WHEN ANY LEAVES ARE THEWRONG KIND OF LEAVES

911 Porsche World - - Practical Porsche -

There’s an old joke, here in Bri­tain, about the ‘wrong’ kind of snow. It dates from a par­tic­u­larly se­vere win­ter about 40 years ago, when many trains were brought to a halt by un­usu­ally fine pow­der snow be­ing in­gested into their elec­tric trac­tion mo­tors and con­trol sys­tems. Some­one at British Rail – as it was then, long be­fore pri­vati­sa­tion – used the now fa­mous phrase in an at­tempt to ex­cuse the pre­dictable PR dis­as­ter and, like weather­man Michael Fish’s later and no less fa­mous re­mark about the Oc­to­ber 1987 hur­ri­cane, it passed into folk­lore.

And now, ev­ery au­tumn – or fall, to you Amer­i­cans – we have the ‘wrong’ kind of leaves, which no less pre­dictably af­fect train ser­vices by coat­ing the al­ready in­her­ently slip­pery rails with a greasy slime that nat­u­rally has a dra­matic ef­fect on both ac­cel­er­a­tion and brak­ing, and thus jour­ney times. Never mind that one ob­vi­ous so­lu­tion is to chop down at least some of the trees which in many places, thanks to peren­nial – and short-sighted – cost­cut­ting, now dra­mat­i­cally over­shadow the tracks.

Fallen leaves are a ma­jor prob­lem for we car own­ers, too. If you al­low them to stand on the paint­work for too long they will all too of­ten ir­re­versibly mark it, and at the time of writ­ing – early De­cem­ber – some of the ru­ral roads around where I live are as treach­er­ous as if they were cov­ered in black ice or even en­gine oil. De­ceased fo­liage also has a nasty habit of ac­cu­mu­lat­ing in nor­mally un­seen ar­eas of the ve­hi­cle’s struc­ture, block­ing drain holes and caus­ing all man­ner of seem­ingly un­re­lated prob­lems. Ask just about any ear­lier VW Golf or Pas­sat owner.

Or the owner of this 996. By chance, it’s the same ‘T’-reg­is­tra­tion Tip­tronic car that fig­ured in last month’s Tech­ni­cal Top­ics, be­long­ing to a cus­tomer of Mike Cham­pion at MCE Porsche in Mid­dle­ton Cheney, north Ox­ford­shire (mce­porsche.com). On that pre­vi­ous oc­ca­sion, you will pos­si­bly re­call, the owner was ex­pe­ri­enc­ing a prob­lem re­li­ably mov­ing the shift lever out of ‘Park’, thanks to a faulty brake­light switch. This time, says Mike, she was back be­cause just a few weeks later the brake pedal it­self had be­come hard and un­re­spon­sive.

Act­ing on an en­gi­neer’s hunch, Mike’s first port of call was the vac­uum-op­er­ated servo, with its ac­tu­at­ing rod lo­cated be­neath the plas­tic cover un­der the trail­ing edge of the front lid. It was im­me­di­ately ap­par­ent that this area had be­come the fi­nal rest­ing place for not just dead leaves but the al­most soil-like sub­stance into which they in­evitably com­post. This was com­pletely block­ing the (hope­lessly small) drain holes pro­vided, and there was an ob­vi­ous – and sus­pi­cionarous­ing – ‘tide­mark’ on the con­certina-style rub­ber gaiter pro­tect­ing the rod be­tween the pedal, in­side the car, and the servo it­self.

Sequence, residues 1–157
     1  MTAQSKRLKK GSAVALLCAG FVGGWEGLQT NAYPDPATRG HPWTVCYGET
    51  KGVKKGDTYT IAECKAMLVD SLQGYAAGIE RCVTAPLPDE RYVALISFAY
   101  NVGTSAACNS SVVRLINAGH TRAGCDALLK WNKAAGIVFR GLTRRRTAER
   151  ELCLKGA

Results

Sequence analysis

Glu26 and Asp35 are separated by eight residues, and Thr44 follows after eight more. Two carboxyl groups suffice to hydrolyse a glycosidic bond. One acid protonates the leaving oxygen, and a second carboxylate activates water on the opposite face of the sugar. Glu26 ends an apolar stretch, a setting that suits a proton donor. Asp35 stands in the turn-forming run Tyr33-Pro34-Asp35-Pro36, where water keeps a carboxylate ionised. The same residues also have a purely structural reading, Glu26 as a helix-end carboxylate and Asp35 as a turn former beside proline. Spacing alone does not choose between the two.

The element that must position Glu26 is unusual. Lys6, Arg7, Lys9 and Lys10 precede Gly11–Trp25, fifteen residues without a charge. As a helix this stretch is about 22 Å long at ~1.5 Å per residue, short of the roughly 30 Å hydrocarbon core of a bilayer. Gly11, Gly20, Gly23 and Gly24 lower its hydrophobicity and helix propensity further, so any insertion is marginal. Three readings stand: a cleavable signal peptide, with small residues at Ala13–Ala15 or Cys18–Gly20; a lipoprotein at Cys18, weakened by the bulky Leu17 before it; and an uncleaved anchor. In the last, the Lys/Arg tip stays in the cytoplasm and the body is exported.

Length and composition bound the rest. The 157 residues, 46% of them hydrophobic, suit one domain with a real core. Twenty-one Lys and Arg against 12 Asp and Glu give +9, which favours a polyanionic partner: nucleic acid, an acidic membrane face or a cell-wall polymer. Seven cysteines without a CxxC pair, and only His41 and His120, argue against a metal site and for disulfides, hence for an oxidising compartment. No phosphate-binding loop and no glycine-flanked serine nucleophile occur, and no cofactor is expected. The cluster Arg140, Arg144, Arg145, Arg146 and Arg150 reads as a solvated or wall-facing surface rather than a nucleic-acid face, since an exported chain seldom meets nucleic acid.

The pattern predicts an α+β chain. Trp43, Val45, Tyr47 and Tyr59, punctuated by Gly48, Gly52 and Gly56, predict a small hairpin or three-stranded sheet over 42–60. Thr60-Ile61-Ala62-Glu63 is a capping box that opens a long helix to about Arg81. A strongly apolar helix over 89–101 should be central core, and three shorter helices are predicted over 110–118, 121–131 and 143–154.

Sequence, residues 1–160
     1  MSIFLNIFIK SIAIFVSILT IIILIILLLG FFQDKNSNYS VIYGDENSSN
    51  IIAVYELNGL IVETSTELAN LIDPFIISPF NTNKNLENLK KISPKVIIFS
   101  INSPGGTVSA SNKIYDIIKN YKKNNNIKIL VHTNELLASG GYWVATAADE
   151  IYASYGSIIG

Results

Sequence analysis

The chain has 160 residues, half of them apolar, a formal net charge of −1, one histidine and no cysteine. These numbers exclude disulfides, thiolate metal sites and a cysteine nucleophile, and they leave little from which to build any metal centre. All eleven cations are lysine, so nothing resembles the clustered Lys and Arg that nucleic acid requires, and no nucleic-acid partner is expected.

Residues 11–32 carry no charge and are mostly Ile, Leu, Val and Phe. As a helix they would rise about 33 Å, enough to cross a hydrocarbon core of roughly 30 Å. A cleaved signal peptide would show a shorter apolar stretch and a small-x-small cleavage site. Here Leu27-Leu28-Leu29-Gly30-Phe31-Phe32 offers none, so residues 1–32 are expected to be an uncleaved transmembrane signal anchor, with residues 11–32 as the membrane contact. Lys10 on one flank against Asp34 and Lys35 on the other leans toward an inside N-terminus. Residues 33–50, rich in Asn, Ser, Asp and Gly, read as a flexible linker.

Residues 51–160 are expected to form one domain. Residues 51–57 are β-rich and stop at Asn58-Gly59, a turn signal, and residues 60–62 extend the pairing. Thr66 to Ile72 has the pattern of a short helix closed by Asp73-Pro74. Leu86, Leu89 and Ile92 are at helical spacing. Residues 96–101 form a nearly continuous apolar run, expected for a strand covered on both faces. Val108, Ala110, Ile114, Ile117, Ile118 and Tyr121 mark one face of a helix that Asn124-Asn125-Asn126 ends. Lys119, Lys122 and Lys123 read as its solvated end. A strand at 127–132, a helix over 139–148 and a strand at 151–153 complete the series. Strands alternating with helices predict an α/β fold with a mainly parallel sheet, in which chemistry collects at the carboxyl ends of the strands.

Long story short: the gaiter, while not vis­i­bly dam­aged, was some­how al­low­ing wa­ter into the body of the servo, where it had ac­cu­mu­lated and, over time, caused the mech­a­nism in­side to cor­rode and seize. The only an­swer would be a brand-new servo – at around £150 plus VAT and four hours’ labour to fit it and, of course, to clear out the drains. Mike was ini­tially hope­ful that he would be able to tackle the task without break­ing into the hy­draulic lines to the mas­ter cylin­der, but in the event the servo’s ac­tu­a­tor rod was just too long to al­low the cylin­der to be pulled far enough for­ward to al­low that. It was some­thing of a sil­ver lining in the cloud, though, be­cause the brake fluid would un­doubt­edly ben­e­fit from be­ing re­newed, too.

So you know what to do – ir­re­spec­tive of whether your car has a sus­pected servo prob­lem or not. Get out there now, and lift off that plenum­cham­ber cover to check and clear the drain holes, ei­ther by vac­u­um­ing out as much de­bris as you can, or by vac­u­um­ing and then blow­ing out the area with com­pressed air. Have a long, hard look at the servo gaiter, too (be­low). Many cars of this pe­riod – 986 Boxsters, as well as 996s – would have had an im­proved servo fit­ted back in the day, un­der the pro­vi­sions of a Porsche tech­ni­cal ser­vice bul­letin, or TSB, but yours, like this one, might for some rea­son have slipped through the net.

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